Ref. – 3472. Reservation. – N.S.W. Status – Convict. Sex. – Male. Name. – Langan, Thomas. Ship of Arrival. – Anne. Trial Date. – Feb 1800. Trial Place. – Limerick. Sentence. – Life. Remarks. – Que. Pro. – n3001. Ao. – 3047. The remark ‘Que’ is the Clerk’s comment, generally noted after the sentence. This was an indication that the Clerk was questioning the accuracy of the sentence. On New Year’s Day 1810, Lachlan Macquarie was appointed Governor of New South Wales, replacing William Bligh (Bligh of ‘The Bounty’ fame). Lachlan appointed as his secretary a Major Finnucane who had relatives living in North Kerry, around the Tarbert area. At the request of Finnucane, Tom Langan was taken to Sydney and assigned as his servant there. The Finnucane’s were very kind toward Tom. He saved one of their children, Susan, from drowning. Susan later married Captain Hayes O’Grady and subsequently became the mother of the great Irish scholar Standish Hayes O’Grady. Macquaries wife, Elizabeth, was very popular with the Irish. She celebrated with them St. Patrick’s Day, which was supposed to be the first official recognition of our national day in New South Wales. Back home in Ireland, the Knight of Glin was having talks with the Limerick Grand Jury, urging them to secure the release of Tom Langan who had now spent ten years in captivity, three more than his original sentence. Apparently, an incorrect certificate of his sentence was transmitted to New South Wales, the vessel having sailed without a regular list of convicts on board. The following are three documents from the Australian National Archives relating to Tom’s release. Major- General Bunbury to Governor Macquarie. (Despatch per ship ‘Northampton’) Acknowledged by Governor Macquarie to Earl Bathurst, 24th June 1815. 12th Sept, Re- Transportation of Thomas Langan. Downing St, 12 Sept, 1814. Sir, I transmit to you herewith the copy of a letter which has been addressed to me by direction of His Majesty’s Secretary of State for the Home Department, enclosing the copy of one from the Rt. Hon. Robert Peel, which states the circumstances attending the transportation of a convict, named Thomas Langan, from Cork to New South Wales in the ship ‘Anne’ in the year 1800. And I am directed by Ld. Bathurst to desire that this person may have permission to return to Ireland by the first opportunity. I have, &c, H.E. Bunbury. (Enclosure No 1) Under Secretary Beckett to Major General Bunbury. Thomas Langan to be permitted to return to Ireland. Whitehall, 7th Sept, 1814. Sir, I am directed by Lord Sidmouth to transmit to you the within copy of a letter, which has been received trom The Right Hon. R. Peel, relative to a man of the name of Thomas Langan, who sailed from Cork for New South Wales in the convict ship ‘Anne’ in June 1800, and to desire that you will lay the same before Lord Bathurst, and move His Lordship to be pleased to give directions to the Governor of New South Wales to permit the person in question to return to Ireland by the first opportunity. I am, &c. J. Beckett. (Enclosure No 2.) The Right Hon. R. Peel to Under-Secretary Beckett. Dublin Castle, 2nd Sept, 1814. Sir, In the year 1779, a man of the name of Thomas Langan was, under the provisions of the Insurrection Act, ordered by the Justices at a sessions, held in the County of Limerick, to be transported for seven years as a disorderly person, and who sailed from Cork for New South Wales in the convict ship ‘Anne’ in June 1800. It is apprehended that a correct certificate of the said Thos. Langan’s sentence was not transmitted to New South Wales, the vessel having sailed without a regular list of convicts on board; and application being now made by the Grand Jury of the County of Limerick that he may be allowed to return to Ireland, his term of transportation having long since expired. I am directed by the Lord Lieutenant to desire that you will lay the matter before Lord Sidmouth, with His Excellency’s request, that His Lordship will cause instructions to be transmitted to the Governor of New South Wales to permit the said Thomas Langan to return to Ireland by the first opportunity. I am &c. R. Peel. Tom’s eventual release came in 1817; his liberation being secured by a Captain Terence Murray of Balliston, near Shanagolden, whose father lost a leg in an encounter with George Leak’s reprehensible yeomanry near Shanid. Terence, who arrived in Australia in 1816, was an officer in the British Army. He was married to Ellen Fitzgerald of Newcastle West. There was great jubilation when Tom returned to Glin. A short while after that it appears that he lost an eye in a fight with a press gang. Once again Michael Og O’Longain mentions this in a verse of a poem that he composed for Tom; ‘Do bhain Sanasach suil as I gcomhrac aonfhir iar dteacht abhaile dho sa bhliain 1817’. (An Englishman knocked his eye out in a duel after he came home in 1817) However, having examined his pardon note dated 28th day of June 1815 and signed by L. Macquarie, it would appear that he had no sight in the left eye anyway prior to his release from Sydney as his description was given as follows ;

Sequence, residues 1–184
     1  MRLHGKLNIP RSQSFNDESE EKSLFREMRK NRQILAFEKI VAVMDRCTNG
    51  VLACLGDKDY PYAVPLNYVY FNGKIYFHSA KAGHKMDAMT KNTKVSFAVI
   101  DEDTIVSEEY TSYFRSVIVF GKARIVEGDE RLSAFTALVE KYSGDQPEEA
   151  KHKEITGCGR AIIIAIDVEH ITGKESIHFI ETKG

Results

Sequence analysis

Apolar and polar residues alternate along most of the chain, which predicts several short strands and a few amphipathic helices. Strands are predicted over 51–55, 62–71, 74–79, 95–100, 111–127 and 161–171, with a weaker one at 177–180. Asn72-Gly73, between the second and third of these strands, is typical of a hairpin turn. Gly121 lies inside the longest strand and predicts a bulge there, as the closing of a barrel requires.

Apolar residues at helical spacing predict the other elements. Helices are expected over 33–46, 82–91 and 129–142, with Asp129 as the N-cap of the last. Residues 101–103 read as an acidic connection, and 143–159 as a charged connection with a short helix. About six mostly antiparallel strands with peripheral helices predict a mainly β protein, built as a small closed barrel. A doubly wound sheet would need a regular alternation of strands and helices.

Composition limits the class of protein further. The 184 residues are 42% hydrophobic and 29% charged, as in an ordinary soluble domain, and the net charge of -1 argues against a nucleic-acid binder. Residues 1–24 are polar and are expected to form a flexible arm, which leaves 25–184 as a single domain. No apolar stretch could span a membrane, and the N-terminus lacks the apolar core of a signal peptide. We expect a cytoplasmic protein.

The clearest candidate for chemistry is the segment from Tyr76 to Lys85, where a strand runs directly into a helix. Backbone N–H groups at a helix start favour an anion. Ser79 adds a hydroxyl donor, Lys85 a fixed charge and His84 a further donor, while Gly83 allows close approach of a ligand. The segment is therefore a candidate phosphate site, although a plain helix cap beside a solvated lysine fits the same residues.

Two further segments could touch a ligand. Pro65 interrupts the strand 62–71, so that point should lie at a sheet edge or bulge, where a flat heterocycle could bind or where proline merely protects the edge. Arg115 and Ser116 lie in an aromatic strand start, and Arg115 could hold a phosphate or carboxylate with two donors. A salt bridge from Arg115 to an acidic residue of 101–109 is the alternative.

Native Place – Glin, Co. Limerick.